Zed Key Bounces Back from Poor Performance at Purdue, Scores 14 Points in Ohio State's Win Over Maryland

By Griffin Strom on February 7, 2022 at 10:10 am
Zed Key

Zed Key did not have his finest performance last weekend at Purdue. With one point, one rebound and four fouls in the loss, it was closer to being his worst.

Chris Holtmann didn’t shy away from challenging his starting five man to respond with a markedly improved effort in Ohio State’s next appearance, and specifically when it came to consistent effort and physicality.

Key did not disappoint on any front Sunday.

On 6-for-7 shooting, Key finished with 14 points in an 82-67 win over Maryland, which were his most since scoring 20 points against Duke in November. Key also scooped up seven rebounds, got to the free-throw line four times and only committed two fouls against the Terps. Key managed to do all of that in just 22 minutes as he turned in one of his best performances of the season.

“Zed, I thought, had some really good moments. Zed has to be consistent, that’s the sign of growth of a player,” Holtmann said after the game. “He’s had really, really good moments this year. I mean, we can rattle off how many. He’s had some tremendous games. What we’re looking for with him is consistency on the defensive end, the offensive end, but most importantly, his effort. That’s what we’re looking for, and I think that’s the challenge for a young guy. He’s gotta continue to grow in that area.”

Key wasted no time getting going against Maryland. Jamari Wheeler scored the first basket of the day for the Buckeyes, knocking down a three from the corner, but Key took over from there with three straight left-handed buckets in the lane. Those six straight points were part of a 9-2 run for Ohio State, which took a five-point lead 3:39 into the game and never trailed the rest of the way.

For Key, that fast start was exactly what he needed to get back into rhythm.

“When I see that first basket go through, I’m like, ‘OK, get it going, you’re good,’” Key said. “Every game I’m nervous before the game, so that first basket I’m like, ‘OK, you good.’ Coming in playing physical, it sends the team a message when you’re the more physical team and you just come out there and punch them in the mouth, basically, it definitely does send a message and it helped us win tonight. Maryland’s a really good team, but we got them from the jump.”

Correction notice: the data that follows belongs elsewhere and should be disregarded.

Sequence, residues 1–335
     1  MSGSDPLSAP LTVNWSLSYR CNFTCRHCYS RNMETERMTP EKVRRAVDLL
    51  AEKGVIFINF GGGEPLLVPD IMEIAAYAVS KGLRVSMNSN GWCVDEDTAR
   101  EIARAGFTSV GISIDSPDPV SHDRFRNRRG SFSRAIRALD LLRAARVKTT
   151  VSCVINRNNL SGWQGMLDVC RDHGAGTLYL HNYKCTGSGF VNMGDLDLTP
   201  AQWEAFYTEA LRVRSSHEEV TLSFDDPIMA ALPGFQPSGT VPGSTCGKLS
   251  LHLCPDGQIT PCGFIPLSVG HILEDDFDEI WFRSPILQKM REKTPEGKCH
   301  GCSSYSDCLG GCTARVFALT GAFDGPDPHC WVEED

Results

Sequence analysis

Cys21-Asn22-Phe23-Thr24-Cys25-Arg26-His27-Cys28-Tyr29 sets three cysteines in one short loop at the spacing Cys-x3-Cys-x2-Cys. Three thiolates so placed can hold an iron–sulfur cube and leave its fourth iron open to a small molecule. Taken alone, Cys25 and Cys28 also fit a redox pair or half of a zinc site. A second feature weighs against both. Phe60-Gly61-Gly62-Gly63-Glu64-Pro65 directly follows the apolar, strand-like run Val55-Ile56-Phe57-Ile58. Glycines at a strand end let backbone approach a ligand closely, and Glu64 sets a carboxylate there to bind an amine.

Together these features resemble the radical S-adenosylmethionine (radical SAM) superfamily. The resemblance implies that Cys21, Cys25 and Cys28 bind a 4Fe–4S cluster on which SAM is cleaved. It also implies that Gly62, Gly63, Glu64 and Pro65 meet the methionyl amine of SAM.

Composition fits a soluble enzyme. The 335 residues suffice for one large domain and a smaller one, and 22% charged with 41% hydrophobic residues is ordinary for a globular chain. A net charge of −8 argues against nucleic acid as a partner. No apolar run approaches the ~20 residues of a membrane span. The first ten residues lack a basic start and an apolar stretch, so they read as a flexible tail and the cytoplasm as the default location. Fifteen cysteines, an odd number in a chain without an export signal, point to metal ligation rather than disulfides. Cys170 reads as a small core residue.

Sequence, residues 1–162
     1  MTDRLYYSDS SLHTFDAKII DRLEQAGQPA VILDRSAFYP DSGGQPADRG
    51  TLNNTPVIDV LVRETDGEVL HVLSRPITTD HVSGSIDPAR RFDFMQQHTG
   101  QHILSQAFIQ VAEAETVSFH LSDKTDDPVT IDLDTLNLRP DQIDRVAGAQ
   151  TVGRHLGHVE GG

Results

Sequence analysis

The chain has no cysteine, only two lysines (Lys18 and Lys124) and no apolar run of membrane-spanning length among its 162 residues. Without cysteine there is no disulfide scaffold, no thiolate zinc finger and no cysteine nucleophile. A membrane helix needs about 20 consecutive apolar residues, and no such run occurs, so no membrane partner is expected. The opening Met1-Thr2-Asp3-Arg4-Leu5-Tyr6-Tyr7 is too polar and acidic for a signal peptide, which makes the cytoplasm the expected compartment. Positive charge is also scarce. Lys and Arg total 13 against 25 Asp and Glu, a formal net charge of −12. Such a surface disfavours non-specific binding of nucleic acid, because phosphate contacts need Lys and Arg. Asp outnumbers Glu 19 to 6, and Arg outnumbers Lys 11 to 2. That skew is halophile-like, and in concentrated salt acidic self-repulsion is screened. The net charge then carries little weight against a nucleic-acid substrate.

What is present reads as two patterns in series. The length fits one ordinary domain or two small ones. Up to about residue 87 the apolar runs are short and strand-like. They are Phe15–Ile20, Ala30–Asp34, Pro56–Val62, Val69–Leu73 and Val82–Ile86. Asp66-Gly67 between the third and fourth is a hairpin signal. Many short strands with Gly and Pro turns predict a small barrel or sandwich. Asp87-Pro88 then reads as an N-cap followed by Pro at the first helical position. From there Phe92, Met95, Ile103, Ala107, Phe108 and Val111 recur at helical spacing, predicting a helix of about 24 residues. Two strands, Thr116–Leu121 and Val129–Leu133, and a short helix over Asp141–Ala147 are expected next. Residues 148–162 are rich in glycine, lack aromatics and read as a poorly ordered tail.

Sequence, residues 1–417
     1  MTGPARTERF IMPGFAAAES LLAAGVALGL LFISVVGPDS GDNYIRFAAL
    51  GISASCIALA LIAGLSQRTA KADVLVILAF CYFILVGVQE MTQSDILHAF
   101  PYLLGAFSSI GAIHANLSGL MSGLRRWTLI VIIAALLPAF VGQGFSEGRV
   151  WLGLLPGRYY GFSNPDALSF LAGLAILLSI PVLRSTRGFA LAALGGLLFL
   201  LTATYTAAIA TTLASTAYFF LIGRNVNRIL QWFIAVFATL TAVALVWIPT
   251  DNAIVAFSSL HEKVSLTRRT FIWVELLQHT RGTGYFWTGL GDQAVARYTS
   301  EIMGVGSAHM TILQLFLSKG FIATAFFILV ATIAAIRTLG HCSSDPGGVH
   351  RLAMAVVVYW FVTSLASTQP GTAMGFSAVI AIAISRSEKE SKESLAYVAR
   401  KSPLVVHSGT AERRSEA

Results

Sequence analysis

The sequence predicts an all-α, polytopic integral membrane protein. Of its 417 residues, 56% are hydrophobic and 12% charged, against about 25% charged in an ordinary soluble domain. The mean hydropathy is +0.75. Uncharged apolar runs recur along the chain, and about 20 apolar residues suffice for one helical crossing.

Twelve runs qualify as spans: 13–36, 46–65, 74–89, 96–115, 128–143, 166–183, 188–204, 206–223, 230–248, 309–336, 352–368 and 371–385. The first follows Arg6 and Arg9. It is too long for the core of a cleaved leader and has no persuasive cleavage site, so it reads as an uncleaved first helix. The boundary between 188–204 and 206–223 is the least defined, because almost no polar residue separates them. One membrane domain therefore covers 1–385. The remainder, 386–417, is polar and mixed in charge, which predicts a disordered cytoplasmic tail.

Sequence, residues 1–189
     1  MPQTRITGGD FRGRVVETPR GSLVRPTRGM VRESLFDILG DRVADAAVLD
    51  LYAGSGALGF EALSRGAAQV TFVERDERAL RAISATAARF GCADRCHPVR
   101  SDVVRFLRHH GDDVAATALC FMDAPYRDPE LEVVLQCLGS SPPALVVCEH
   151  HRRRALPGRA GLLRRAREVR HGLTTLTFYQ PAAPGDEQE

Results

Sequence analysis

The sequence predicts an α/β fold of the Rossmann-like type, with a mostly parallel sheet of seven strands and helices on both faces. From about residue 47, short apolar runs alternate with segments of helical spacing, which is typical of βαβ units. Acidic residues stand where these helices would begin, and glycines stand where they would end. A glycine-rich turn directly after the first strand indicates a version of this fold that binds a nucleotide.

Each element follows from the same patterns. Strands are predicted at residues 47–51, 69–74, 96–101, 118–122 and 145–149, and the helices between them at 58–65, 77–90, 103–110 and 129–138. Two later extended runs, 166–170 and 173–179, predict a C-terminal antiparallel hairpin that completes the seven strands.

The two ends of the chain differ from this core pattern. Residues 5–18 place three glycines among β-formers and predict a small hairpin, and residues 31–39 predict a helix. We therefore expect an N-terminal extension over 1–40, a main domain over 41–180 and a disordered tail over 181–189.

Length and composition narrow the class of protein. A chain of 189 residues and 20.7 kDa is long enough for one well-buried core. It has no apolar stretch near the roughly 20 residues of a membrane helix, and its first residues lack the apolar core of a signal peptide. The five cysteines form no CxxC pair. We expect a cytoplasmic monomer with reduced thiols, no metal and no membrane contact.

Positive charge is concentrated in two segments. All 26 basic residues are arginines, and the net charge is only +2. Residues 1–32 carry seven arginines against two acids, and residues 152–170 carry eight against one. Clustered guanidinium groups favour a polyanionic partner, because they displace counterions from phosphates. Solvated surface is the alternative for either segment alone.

One week prior, a slow start from Key took him out of rhythm completely. At 6-foot-8, Key is something of an undersized center in the Big Ten, and guarding the Boilermakers' 7-foot-4 Zach Edey did not help in that department. Key was much better against 6-foot-11 Maryland center Qudus Wahab.

“I picked up two quick fouls against Purdue and I just really couldn’t get into a flow in the game after that,” Key said. “Come back in, foul, go sit back down, come back in, foul. It’s tough. But it’s not an excuse, I still gotta come in and be an everyday guy. Just going back talking to the coaching staff, they said I need to be better. So I took that to heart and just try to be better every day.”

Key had another quick start to the second half, scoring two of the first three baskets for Ohio State – both layups – to help expand the Buckeyes’ lead from 13 to 19 as part of a 9-3 run to open the final frame.

By the end of the game, Ohio State had outscored Maryland 32-22 in the paint and outrebounded the Terrapins 36-33. Key was crucial in both of those efforts, and the New York native said the genesis of his heightened intensity was the message he got from the coaching staff following last week’s game.

“After the Purdue game I was talking to the coaching staff and they just said to be more consistent,” Key said. “They expect a lot out of me every day in practice and in the game, so that’s what they said, just be more consistent. I’ve been with Coach (Ryan Pedon) every day, running more, shooting it a lot more, just trying to stay consistent.”

One chief aspect of that consistency is his conditioning, which Key said he’s been working harder to keep up on after learning some lessons the hard way a year ago. As a freshman, Key said “my wind had gone significantly down” at this point in the season, and that it impacted his quality of play. Key said he’s determined not to let that happen again this year.

But as good as Key’s bounceback performance was Sunday, it was what Holtmann and the Buckeye coaching staff expected to see. The New York native is Ohio State’s third-leading scorer and second-leading rebounder on the season, and his contributions are often a major factor in whether the Buckeyes win or lose in the Big Ten.

Now that Key has heeded the call from his coaches, the next goal will be to produce like he did against Maryland on more of a consistent basis with just 10 games remaining in the regular season.

“He’s a phenomenal kid, so I expected him to play better,” Holtmann said. “But now he’s gotta see, really come tomorrow at practice, what is his preparation going to be leading into Rutgers.”

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